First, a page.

Order-ahead mobile apps will make us increasingly opposed to standing around, doing nothing.
Read in 1 minute
If you’re a Starbucks aficionado, 2015 was a great year. The coffee chain completed the rollout of its order-ahead mobile app in the United States and in the fall began expanding it to Canada and the United Kingdom.
With the app allowing for line bypassing at cafes, as well as automatic payment, I was an instant convert. So were many customers, with the chain reporting that the feature is spurring same-store sales.
Starbucks competitors now have to step up, and indeed virtually every big chain in the quick-serve food and beverage business is either experimenting with order-ahead apps or is rolling them out.
McDonald’s has it in Austria and is testing it in the United States, Chipotle is doing it, as is Taco Bell. U.S. theatres are introducing mobile order-ahead apps so that patrons don’t miss their movies. Even sports arenas are getting in on the action so that fans don’t have to miss their action.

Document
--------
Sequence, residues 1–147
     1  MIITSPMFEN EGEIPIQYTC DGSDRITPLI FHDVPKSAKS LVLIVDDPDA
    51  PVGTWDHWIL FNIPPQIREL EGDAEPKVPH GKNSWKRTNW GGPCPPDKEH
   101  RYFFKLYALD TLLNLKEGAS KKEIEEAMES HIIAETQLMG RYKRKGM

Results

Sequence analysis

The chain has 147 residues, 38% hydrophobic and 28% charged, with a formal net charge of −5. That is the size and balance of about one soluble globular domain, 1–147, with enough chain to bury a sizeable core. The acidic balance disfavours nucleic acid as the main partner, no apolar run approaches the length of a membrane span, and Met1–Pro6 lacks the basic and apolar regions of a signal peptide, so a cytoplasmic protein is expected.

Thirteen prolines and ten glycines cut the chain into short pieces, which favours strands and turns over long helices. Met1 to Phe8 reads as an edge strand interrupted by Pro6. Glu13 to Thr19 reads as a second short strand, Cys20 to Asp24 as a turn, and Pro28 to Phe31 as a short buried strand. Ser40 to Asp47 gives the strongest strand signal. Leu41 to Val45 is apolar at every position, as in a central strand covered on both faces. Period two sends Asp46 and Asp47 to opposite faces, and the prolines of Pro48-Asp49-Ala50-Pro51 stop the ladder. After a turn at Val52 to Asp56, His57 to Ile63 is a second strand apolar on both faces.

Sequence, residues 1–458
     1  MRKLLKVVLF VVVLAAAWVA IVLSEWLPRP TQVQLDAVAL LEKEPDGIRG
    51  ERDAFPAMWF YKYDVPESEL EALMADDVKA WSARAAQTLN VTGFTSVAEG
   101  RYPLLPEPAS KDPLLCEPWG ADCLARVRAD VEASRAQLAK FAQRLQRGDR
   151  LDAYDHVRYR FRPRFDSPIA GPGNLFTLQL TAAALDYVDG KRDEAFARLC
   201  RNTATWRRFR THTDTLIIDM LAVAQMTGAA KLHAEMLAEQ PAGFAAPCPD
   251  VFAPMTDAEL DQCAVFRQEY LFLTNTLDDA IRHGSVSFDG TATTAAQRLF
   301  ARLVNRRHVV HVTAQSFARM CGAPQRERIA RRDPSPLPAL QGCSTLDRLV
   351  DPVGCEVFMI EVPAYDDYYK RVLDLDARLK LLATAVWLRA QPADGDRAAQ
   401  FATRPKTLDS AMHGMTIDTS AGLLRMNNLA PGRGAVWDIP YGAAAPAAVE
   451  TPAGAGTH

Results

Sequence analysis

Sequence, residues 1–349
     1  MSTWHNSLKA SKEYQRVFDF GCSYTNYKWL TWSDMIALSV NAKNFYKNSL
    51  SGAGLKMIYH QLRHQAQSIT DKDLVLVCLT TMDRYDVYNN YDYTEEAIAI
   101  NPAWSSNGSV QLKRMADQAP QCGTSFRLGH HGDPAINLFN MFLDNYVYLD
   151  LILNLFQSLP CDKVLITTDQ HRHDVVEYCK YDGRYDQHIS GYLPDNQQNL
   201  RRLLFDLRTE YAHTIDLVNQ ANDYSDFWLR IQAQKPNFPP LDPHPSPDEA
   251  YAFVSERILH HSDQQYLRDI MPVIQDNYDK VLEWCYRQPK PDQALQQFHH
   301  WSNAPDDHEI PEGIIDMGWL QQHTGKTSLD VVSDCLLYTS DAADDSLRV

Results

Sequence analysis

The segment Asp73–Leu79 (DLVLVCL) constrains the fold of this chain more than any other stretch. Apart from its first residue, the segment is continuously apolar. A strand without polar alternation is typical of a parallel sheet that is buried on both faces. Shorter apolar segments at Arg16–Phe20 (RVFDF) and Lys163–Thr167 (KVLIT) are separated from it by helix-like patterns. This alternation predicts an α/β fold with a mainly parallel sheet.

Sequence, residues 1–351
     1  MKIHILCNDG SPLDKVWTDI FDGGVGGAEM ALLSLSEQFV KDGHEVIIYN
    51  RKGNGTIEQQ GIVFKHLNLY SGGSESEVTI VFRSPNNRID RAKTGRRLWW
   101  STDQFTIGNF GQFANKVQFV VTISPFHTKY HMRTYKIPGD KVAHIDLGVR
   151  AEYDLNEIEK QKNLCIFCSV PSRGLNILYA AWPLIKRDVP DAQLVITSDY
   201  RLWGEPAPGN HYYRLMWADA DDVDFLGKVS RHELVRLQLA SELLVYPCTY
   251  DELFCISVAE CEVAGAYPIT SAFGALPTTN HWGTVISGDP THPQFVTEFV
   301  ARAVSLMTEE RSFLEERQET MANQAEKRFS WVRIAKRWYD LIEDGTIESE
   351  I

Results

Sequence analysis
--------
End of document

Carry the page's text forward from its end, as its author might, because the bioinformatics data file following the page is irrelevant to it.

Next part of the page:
As Robert Carter from consumer trends tracking firm NPD Group jests, there is one type of vendor that’s not interested in exploring this technology: “Companies that are going to go out of business.”
All of this ordering ahead is going to have something of a network effect, in that the more businesses that offer it, the more businesses are going to have to offer it.
As people get used to using such apps from an increasing number of retailers and vendors, their tolerance for standing in line anywhere is going to further decrease. Businesses that continue to require customers to stand in lineups are going to see those irate people go elsewhere.
As Carter predicts, 2016 is going to see an “explosion” of these sorts of apps. Coinciding with that, I think we’re going to see an increasing intolerance of standing around, doing nothing, and therefore the beginning of the end of lineups this year.